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Mathura - Vrindavan

The city of Mathura, in Uttar Pradesh, the nucleus of Brajbhoomi, is located at a distance of 145 km south-east of Delhi and 58 km north-west of Agra. Covering an area of about 3,800 sq. km., today, Brajbhoomi can be divided into two distinct units - the eastern part in the trans-Yamuna tract with places like Gokul, Mahavan, Baldeo, Mat and Bajna and the western side of the Yamuna covering the Mathura region that encompasses Vrindavan, Govardhan, Kusum Sarovar, Barsana and Nandgaon.

The land of Braj starts from Kotban near Hodel about 95 km from Delhi and ends at Runakuta which is known specially for its association with the poet Surdas, an ardent Krishna devotee. A long line of picturesque ghats - with their steps leading to the water's edge, arched gateways and temple spires extending along the right bank of the River Yamuna, emphasise the sacred character of the town of Mathura. The birth place of Lord Krishna, "the best known, best loved and most complex of Lord Vishnu's manifestations" - Mathura is today an important place of pilgrimage

Location

The city of Mathura is located in the western part of the state of Uttar Pradesh, in the northern region of India. It is a part of the great northern plains and is situated on the west bank of the river Yamuna. Mathura is 141 km south of Delhi and 47 km northwest of Agra. The climate of Mathura is extreme and tropical. Summers are extremely hot and winters are cold and foggy. It experiences southwestern monsoon rains from July to September.

History of Mathura Vrindavan

An ancient city whose origins fade into the mists of history, Mathura's strategic location at the cross roads of various trade routes - that went westwards to West Asia and the Roman Empire; northwards, via Taxila, Pushkalavati and Purushapur to Central Asia and the Silk Route and eastwards to China - ensured its position as a centre of trade and a meeting point for varied cultures.

By the fifth century BC, during the time of Buddha, it was a major metropolis and the capital of the Surasena Kingdom - one of the 16 Mahajanapadas of the period. Mathura saw its `golden age' during the rule of the Kushanas and the able governance of rulers like Kanishka, Huvishka, and Vasishka, when the arts flourished and economic wealth grew. It remained a centre of power during the Mauryan period, through the enlightened rule of Emperor Ashoka (3rd century BC) to the Gupta era (4th century AD).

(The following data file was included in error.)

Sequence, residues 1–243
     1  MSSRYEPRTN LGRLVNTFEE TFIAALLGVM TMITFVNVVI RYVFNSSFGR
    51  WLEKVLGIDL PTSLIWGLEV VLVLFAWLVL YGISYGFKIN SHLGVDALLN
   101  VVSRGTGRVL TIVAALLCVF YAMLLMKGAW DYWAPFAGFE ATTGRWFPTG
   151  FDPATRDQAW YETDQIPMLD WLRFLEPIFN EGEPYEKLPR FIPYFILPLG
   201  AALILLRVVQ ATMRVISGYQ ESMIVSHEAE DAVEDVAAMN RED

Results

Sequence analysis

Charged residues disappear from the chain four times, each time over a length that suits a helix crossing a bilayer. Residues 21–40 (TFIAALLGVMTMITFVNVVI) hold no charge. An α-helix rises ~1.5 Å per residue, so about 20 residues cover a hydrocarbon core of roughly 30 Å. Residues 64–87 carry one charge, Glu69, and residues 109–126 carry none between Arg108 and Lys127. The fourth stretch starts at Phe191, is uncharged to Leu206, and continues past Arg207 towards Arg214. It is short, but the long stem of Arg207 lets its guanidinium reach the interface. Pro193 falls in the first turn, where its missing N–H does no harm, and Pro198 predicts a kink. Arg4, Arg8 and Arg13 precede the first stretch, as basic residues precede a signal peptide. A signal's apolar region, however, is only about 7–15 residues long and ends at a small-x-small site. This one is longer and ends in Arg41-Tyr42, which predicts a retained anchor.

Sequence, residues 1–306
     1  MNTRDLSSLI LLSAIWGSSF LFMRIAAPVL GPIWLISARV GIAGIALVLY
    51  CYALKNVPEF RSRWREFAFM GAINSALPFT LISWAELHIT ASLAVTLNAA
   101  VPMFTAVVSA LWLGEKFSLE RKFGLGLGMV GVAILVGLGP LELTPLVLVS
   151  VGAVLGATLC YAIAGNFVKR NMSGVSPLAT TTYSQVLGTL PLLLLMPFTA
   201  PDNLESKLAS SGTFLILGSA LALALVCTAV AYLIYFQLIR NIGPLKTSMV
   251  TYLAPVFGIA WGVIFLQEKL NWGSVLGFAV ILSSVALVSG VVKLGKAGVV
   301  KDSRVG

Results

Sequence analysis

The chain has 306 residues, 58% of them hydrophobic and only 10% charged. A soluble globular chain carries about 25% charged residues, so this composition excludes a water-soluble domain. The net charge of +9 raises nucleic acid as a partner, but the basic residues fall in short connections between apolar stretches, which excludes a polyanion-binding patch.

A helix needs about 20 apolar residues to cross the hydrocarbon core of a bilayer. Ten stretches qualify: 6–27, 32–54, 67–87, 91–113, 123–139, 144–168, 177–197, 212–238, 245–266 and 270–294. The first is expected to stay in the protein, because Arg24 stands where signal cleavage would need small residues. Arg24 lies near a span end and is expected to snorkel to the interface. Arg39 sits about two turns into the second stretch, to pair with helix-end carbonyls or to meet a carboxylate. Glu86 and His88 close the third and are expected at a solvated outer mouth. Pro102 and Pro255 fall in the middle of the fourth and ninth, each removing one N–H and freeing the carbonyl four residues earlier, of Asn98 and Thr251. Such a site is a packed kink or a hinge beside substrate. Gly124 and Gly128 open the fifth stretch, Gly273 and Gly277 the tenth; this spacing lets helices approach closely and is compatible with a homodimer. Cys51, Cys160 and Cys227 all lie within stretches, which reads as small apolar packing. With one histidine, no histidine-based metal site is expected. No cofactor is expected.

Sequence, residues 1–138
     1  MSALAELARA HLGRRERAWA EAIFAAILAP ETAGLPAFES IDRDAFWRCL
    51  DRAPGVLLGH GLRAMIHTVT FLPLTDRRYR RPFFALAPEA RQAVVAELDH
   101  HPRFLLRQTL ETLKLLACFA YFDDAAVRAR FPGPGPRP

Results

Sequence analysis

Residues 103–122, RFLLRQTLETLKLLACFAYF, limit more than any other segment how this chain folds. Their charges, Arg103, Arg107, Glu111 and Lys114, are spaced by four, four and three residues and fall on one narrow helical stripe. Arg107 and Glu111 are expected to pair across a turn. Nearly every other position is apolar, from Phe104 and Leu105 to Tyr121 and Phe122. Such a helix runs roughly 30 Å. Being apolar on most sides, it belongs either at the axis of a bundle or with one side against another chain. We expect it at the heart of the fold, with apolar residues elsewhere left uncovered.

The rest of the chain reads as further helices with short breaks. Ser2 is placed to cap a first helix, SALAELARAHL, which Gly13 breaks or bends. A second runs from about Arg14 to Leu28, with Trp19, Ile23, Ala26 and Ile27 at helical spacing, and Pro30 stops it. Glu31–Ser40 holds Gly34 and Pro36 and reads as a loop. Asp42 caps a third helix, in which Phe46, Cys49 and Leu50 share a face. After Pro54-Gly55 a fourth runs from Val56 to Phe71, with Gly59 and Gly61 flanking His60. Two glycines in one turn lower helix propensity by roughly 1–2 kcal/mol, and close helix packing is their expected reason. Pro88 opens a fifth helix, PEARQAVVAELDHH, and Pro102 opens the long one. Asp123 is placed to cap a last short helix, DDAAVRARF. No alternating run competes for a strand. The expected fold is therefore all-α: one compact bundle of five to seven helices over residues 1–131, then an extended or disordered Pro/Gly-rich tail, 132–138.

Brij Culture in Mathura

According to the Bhagwat Purana, Shri Krishna along with the gopis had danced the Raas on the banks of the Yamuna at Vrindavan. When the gopis felt conceited about Lord Krishna dancing with them, he disappeared from their midst. In the agony of separation from their beloved Krishna, the gopis recalled and enacted his lilas (divine episodes of his life) which in course of time came to be known as the Raaslilas. The Raaslila in its present form is ascribed to Swami Haridas and Shri Narayan Bhatt. Only young Brahmin boys of 13 to 14 years of age can perform the Raaslila. The charming childhood pranks of Shri Krishna constitute the main them of these dramas.

Popular Pilgrimage Attractions

Radharamana Temple
This is the famous temple of Gopala Bhatta Gosvami. Radharamana means "one who gives pleasure to Radha", and is one of the many Names of Lord Krishna. The seva puja of Radharamana was established in 1542, after the Deity self-manifested from a saligram-sila. Also kept iin this temple is the wooden sitting place (hoki) and shawl (chaddar) or Lord Chaitanya, that He gave as a gift to Gopala Bhatta Gosvami. There is no deity of Radharani in this temple, but a crown is kept next to Krishna signifying Her presence.

Jugal Kisore Temple